You actually know this instinctively, even if not explicitly, which is a gift of the Holy Spirit in and of itself.  That’s why you call your pastor when you’re sick or in the hospital.  I’m not a doctor.  I can’t give you medicine or perform surgery.  I’ve never done a miracle.  But you call me.  Why?  Not because you want Jon Krenz.  You call because you need Jesus.  You need His Word.  You need His preaching.  You need His body and blood.  You don’t know whether you’ll recover from the sickness or not.  But you know that when Jesus is there with His Word and His Sacrament, you have all the healing you need.  Your sins are forgiven.  Death is destroyed.  You have eternal life.  You will rise from the dead on the last day.
            And you know that when Jesus is there, the devil must flee.  Jesus doesn’t just heal in our text.  He casts out demons.  Where Jesus is, the devil cannot abide.  Now, this is very important.  Physical demon possession is fairly rare here in America, probably because the devil works best among us industrialized westerners by convincing us he doesn’t exist.  Then he can fly under the radar and do great damage undetected.  Possession does happen, and it’s more common in other cultures where there is overt paganism, but that’s not usually how he works among us.  Don’t think for a minute, though, that he doesn’t have just as great an influence here among us.  Just look at the devolution of the culture, the desecration of marriage and sexuality among us, the disregard for human life both in the womb and out of it, the blatant hostility in our culture against God and His Church.  But it isn’t just out there that the devil wreaks havoc.  He aims his arrows of temptation and affliction at your heart, too.  He knows just where to hit you.  He knows your favorite sins.  He knows when you grow tired.  He knows when you’re defenseless.  It’s a miracle that you’re even a Christian.  If the Holy Spirit should forsake you for even a moment, you’d renounce Christ and be lost.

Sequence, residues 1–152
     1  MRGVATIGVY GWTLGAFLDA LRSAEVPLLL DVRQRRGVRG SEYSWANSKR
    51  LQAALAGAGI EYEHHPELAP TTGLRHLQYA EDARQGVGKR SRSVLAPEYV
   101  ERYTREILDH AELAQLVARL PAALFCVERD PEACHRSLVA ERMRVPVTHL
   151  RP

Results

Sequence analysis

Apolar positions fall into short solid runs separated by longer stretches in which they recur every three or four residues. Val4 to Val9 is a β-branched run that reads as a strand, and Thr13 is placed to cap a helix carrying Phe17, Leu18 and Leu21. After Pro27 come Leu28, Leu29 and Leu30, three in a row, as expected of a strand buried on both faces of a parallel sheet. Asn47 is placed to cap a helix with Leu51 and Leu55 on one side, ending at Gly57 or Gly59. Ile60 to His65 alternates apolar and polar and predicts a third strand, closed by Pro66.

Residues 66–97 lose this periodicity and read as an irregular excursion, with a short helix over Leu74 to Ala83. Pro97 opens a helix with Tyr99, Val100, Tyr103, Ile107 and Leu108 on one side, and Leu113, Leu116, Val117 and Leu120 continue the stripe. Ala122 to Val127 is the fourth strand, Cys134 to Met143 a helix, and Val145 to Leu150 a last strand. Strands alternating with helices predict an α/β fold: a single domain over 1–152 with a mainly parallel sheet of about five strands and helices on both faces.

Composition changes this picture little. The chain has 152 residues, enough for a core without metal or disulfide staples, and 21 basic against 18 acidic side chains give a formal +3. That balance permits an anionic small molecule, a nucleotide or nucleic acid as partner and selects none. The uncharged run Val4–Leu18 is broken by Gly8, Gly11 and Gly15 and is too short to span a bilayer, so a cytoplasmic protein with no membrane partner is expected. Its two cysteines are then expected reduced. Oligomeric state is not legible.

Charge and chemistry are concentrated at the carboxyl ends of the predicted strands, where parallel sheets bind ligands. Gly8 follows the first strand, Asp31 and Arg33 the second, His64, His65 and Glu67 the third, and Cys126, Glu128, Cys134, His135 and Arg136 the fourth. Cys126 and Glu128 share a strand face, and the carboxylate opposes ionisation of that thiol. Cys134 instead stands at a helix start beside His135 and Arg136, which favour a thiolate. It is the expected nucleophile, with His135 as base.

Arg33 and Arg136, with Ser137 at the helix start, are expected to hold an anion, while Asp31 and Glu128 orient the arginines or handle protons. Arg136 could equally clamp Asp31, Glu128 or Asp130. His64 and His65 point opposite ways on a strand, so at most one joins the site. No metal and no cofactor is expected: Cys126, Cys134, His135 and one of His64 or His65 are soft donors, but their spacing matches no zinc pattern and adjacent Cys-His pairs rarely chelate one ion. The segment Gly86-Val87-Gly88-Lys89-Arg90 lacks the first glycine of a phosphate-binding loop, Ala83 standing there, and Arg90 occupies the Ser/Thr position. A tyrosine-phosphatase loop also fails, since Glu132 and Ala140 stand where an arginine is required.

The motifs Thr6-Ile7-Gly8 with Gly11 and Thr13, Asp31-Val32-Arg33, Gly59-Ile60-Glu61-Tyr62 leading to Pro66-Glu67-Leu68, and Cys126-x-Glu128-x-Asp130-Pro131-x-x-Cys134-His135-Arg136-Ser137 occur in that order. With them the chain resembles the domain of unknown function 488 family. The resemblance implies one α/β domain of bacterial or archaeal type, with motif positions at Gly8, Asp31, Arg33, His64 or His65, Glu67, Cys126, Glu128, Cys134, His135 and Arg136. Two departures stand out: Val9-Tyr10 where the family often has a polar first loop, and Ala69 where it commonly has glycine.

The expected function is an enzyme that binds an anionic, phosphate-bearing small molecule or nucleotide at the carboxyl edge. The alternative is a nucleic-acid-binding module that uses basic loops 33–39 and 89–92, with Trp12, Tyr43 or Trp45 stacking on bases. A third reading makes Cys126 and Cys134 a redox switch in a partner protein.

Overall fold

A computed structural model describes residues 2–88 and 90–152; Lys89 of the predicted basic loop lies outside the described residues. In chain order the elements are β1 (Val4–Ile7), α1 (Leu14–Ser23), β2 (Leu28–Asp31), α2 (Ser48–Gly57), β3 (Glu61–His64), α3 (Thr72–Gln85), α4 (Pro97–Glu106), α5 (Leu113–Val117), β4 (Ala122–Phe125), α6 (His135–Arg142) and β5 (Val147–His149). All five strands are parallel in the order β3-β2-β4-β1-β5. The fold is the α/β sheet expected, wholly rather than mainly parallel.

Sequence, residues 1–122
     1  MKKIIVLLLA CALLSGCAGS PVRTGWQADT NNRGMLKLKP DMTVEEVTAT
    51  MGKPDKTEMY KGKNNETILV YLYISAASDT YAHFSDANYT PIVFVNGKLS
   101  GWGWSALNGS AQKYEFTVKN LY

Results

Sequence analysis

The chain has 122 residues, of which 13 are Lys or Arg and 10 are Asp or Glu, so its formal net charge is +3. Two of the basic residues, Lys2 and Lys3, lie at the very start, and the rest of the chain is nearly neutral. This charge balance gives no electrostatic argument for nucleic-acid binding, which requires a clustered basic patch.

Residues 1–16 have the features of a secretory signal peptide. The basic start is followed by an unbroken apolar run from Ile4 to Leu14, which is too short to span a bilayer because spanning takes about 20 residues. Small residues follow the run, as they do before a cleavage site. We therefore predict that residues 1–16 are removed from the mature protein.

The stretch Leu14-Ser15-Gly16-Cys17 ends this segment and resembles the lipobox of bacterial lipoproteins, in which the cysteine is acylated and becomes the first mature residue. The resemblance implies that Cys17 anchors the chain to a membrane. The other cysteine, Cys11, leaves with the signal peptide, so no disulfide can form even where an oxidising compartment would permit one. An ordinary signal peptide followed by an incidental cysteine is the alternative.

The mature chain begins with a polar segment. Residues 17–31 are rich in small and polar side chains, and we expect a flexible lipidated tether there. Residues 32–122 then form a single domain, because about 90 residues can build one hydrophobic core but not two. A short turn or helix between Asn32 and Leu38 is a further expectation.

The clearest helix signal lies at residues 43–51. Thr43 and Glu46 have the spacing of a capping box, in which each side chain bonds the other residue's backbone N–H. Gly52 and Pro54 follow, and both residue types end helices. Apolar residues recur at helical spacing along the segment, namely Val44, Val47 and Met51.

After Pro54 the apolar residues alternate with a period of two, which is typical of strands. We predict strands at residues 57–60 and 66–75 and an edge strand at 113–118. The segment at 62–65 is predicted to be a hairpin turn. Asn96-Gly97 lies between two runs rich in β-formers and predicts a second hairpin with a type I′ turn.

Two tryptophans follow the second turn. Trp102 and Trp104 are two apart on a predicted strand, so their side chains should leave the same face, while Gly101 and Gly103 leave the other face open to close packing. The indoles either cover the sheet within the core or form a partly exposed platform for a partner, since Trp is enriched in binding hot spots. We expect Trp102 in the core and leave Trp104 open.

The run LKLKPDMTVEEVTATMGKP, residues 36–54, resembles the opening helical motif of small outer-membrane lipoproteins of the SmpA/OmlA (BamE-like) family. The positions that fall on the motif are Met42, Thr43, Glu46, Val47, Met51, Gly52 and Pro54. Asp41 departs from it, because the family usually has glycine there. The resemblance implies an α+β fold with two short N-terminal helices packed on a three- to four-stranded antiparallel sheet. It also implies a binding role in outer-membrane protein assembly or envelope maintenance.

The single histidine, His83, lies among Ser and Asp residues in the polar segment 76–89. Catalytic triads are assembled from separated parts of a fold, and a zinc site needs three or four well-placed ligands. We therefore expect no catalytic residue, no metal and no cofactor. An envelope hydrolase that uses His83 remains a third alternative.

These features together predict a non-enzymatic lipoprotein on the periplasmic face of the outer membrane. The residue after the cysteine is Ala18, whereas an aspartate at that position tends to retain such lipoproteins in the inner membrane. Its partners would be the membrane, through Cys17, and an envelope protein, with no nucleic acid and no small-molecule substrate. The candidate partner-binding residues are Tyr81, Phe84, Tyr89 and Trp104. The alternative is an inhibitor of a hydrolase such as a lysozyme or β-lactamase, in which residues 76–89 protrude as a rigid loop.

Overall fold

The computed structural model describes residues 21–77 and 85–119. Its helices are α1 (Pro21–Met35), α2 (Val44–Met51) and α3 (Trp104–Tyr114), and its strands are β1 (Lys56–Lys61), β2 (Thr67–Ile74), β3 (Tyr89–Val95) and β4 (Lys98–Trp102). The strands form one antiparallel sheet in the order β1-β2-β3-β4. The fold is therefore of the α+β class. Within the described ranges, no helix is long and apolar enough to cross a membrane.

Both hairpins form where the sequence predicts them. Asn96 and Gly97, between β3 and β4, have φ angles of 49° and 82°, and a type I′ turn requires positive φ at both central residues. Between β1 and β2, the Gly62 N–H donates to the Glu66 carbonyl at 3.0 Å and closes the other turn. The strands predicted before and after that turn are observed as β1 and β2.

But Jesus comes for you right here and casts the demons out.  You are baptized into Christ.  You are no longer in the devil’s possession.  You are God’s own child.  And in His Word, in the preaching, Jesus drives the unclean spirits away.  In His Word, in the preaching, He applies His death and resurrection to you and makes them your own, so that your sins are forgiven and you have eternal life.  And that’s not all.  He gives you His body and blood in the Supper, the medicine of eternal life, the healing you ultimately need.  He does for you exactly what He does in our text for the demoniac and Peter’s mother-in-law and the crowds that comes to Him for healing.  There you are, utterly helpless, utterly in the grip of sin, death, and the devil.  And Jesus comes and speaks His healing, exorcizing, freeing Word over you, and claims you as His own.  He takes you into His Father’s house, cleans you up, binds your wounds, and feeds you from His Table.  And so you have the ultimate healing, the forgiveness of sins.  And having the forgiveness of sins, you know that Jesus will raise your body without corruption and incorruptible on the Last Day.  The Lord Jesus gives you this healing already, as a gift, in His preaching.  This is why He came.  And it is good news, indeed.  In the Name of the Father, and of the Son (+), and of the Holy Spirit.  Amen.